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G-Men vs. The Black Dragon (1943)

Passed | | Adventure | 16 January 1943 (USA)
American, British and Chinese secret agents battle the Japanese Black Dragon Society, a secretive ring that smuggles enemy agents into the U.S. disguised as mummies.

Writers:

(original screenplay), (original screenplay) | 2 more credits »
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Black Dragon of Manzanar (TV Movie 1966)
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The 1943 serial, G-Men vs. the Black Dragon, which was original 15 episodes, re-edited into a feature film for television distribution.

Director: William Witney
Stars: Rod Cameron, Roland Got, Constance Worth
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Cast

Cast overview, first billed only:
...
Roland Got ...
Constance Worth ...
...
Noel Cravat ...
Ranga
...
Lugo (as George Lewis)
...
Marie [Ch.8]
...
Muller -Pier 17 Thug [Ch.1]
Ivan Miller ...
Pier 17 Customs Inspector [Ch.1]
Walter Fenner ...
Williams - Financial Agent [Ch.1]
...
Prof. Nicholson [Ch. 3-4]
Harry Burns ...
Tony Mills [Ch. 4, 12-13]
...
James Kennedy [Ch. 12]
...
Harrison J. Caldwell [Ch.5]
...
Captain Gorman [Ch. 12-13]
Edit

Storyline

American, British and Chinese secret agents battle the Japanese Black Dragon Society, a secretive ring that smuggles enemy agents into the U.S. disguised as mummies.

Plot Summary | Add Synopsis

Genres:

Adventure

Certificate:

Passed | See all certifications »
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Details

Country:

Language:

Release Date:

16 January 1943 (USA)  »

Also Known As:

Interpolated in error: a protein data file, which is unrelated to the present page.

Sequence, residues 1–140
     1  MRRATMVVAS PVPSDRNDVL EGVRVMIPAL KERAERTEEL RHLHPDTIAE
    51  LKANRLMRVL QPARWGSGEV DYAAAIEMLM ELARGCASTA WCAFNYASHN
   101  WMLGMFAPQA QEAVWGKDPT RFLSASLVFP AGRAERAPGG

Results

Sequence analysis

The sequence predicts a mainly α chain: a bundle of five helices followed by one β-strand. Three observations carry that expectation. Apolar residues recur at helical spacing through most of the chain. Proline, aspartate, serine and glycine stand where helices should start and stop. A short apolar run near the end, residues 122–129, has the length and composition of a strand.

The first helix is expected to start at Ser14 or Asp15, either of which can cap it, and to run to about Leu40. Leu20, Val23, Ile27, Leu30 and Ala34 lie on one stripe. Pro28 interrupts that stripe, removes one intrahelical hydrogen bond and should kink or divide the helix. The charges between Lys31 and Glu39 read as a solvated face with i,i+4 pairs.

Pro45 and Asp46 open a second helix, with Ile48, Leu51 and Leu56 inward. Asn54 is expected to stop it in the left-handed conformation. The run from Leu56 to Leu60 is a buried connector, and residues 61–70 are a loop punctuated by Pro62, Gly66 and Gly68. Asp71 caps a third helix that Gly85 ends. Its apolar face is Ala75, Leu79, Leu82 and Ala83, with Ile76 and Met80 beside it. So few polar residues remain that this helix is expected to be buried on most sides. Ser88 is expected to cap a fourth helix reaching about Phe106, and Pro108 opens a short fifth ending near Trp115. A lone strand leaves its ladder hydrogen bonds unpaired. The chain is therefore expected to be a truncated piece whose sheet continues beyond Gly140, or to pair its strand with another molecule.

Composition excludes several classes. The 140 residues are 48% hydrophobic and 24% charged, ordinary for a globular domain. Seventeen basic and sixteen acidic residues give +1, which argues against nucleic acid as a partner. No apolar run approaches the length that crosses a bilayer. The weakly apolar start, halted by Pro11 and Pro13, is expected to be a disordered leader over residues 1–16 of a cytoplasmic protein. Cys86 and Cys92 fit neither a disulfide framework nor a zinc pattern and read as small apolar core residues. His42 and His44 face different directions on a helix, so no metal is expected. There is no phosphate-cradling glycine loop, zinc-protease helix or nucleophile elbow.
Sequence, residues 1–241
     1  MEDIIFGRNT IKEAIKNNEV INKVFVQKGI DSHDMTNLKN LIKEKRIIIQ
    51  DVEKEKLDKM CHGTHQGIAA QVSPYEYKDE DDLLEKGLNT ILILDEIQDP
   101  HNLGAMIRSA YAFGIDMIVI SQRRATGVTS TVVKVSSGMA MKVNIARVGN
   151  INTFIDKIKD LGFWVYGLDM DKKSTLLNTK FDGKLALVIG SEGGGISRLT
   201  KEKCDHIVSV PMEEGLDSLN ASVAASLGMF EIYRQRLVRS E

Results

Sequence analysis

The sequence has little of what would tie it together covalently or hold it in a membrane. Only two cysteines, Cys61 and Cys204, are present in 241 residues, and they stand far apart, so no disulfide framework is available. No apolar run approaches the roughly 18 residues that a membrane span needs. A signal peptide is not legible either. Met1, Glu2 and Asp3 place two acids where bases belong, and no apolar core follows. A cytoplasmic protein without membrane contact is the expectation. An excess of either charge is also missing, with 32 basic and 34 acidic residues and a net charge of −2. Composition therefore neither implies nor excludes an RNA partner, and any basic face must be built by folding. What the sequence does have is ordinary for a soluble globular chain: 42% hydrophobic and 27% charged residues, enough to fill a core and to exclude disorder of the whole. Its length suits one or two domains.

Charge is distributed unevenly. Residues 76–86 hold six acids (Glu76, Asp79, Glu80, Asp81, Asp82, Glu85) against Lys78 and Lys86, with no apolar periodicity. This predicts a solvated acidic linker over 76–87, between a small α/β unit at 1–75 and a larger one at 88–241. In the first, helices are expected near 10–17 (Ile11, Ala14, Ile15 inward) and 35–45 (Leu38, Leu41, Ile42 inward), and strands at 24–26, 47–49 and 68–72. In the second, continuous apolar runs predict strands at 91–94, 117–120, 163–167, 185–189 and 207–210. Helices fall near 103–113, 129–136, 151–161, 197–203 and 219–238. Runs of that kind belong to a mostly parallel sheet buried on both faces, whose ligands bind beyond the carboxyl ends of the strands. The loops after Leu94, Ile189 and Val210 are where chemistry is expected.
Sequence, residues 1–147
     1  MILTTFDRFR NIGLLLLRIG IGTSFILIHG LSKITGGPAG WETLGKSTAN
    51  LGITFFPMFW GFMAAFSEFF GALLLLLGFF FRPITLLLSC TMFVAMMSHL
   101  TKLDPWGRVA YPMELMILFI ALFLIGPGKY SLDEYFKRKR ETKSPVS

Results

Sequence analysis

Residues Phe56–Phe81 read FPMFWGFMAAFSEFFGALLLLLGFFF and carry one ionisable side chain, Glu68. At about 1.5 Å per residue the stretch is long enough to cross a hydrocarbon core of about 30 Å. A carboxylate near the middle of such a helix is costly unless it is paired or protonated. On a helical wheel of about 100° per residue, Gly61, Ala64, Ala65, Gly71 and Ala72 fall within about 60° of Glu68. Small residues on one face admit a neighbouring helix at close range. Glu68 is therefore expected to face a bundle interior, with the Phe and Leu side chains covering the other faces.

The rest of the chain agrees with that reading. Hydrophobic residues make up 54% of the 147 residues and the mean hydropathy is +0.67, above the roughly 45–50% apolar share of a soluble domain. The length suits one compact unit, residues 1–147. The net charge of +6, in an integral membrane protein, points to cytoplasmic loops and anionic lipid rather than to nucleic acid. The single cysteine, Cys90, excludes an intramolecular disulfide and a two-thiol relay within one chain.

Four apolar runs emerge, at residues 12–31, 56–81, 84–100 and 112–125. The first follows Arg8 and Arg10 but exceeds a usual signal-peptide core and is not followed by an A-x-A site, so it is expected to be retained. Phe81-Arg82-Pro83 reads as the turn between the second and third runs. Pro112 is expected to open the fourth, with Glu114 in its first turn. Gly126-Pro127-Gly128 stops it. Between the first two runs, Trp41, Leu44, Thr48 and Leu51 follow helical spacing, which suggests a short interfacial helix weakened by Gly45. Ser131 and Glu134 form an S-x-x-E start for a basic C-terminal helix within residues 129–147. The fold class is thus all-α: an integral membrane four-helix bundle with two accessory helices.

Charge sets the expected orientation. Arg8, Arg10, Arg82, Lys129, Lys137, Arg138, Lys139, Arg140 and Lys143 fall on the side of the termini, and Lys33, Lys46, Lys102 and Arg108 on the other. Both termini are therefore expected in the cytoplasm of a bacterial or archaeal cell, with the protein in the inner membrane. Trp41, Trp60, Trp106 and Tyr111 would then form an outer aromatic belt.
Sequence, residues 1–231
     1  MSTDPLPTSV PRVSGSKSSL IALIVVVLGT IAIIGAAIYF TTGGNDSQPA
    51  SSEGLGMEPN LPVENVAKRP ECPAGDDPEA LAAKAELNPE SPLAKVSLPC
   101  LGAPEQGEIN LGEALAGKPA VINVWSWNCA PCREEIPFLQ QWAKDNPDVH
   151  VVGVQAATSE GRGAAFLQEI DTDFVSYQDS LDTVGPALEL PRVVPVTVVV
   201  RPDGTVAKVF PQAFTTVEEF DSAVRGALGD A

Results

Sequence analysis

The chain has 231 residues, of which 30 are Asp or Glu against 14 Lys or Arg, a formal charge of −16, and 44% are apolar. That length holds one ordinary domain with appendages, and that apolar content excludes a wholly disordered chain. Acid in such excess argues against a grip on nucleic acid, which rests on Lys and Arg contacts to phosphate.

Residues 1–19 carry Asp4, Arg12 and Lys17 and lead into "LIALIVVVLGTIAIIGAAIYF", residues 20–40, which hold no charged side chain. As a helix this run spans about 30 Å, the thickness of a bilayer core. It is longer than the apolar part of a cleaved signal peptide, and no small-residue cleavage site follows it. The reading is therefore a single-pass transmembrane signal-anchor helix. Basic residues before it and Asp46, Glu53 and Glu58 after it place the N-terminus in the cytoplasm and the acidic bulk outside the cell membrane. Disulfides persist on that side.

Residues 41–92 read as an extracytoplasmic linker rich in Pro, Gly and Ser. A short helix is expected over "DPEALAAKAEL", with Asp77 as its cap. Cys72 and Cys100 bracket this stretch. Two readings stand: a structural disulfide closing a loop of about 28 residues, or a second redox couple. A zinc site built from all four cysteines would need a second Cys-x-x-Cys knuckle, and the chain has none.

O Dragão Negro  »

Company Credits

Production Co:

 »
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Technical Specs

Runtime:

(15 episodes)

Sound Mix:

(RCA Sound System)

Aspect Ratio:

1.37 : 1
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Did You Know?

Trivia

Opening and closing cast and crew credit are shown with the four flags of the principal characters: United States, United Kingdom, Republic of China and Japan. See more »

Goofs

Chapter seven: Rex's plane, a fighter plane, is shot and burst into flames, but, it shows a flat cowling when it crashes. See more »

Connections

Edited into Black Dragon of Manzanar (1966) See more »

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User Reviews

 
More action than you'll see anywhere else!
3 June 2005 | by (Easley, South Carolina) – See all my reviews

I love serials. Republic had the best action scenes, too. Watching G-Men Vs. The Black Dragon I saw virtually every possible cliffhanger setting: buzz saws, bombs, falling building, plane crashes, cars going over cliffs... all the things that made serials fun. Taking the context of the time period seriously, Japan was a serious threat. Making use of the stereotypical mysterious Asian character and the dedicated American law enforcement agent was a good set up at the time. The plot itself was minor, but the action in G-Men Vs. The Black Dragon was there to compensate for it.

I try to watch movies thinking in the same way that people would have at the time the movies were made. One thing that irritated me was Nino Pipitone's portrayal of the villain, Haruchi. Pipitone sounded more like a European count than a Japanese saboteur. His European ancestry could not be hidden under the eye makeup that made him Haruchi. I never really accepted the character as being Japanese. Perhaps the fact that Haruchi was almost always well dressed in a suit lessened the effect. When I saw Henry Brandon in The Drums Of Fu Manchu I knew he was not Chinese, but his character was so great that I did not care. In G-Men Vs. The Black Dragon the character Haruchi is really just a middle-man working for the Japanese government. He is a representative of the threatening evil rather than being the evil party. Haruchi commands henchmen Ranga and Lugo, who do the majority of the dirty work.

I liked Rod Cameron as Rex Bennett. He could get in a fight, an explosion, or jump from a plane and still make a suit look good. Roland Got as Chang and Constance Worth as Vivian Marsh were also good as Bennett's fellow agents. Vivian Marsh was a woman ready to face the bad guys at any time. I've seen more heroic women in serials than in westerns, so this was a nice change.


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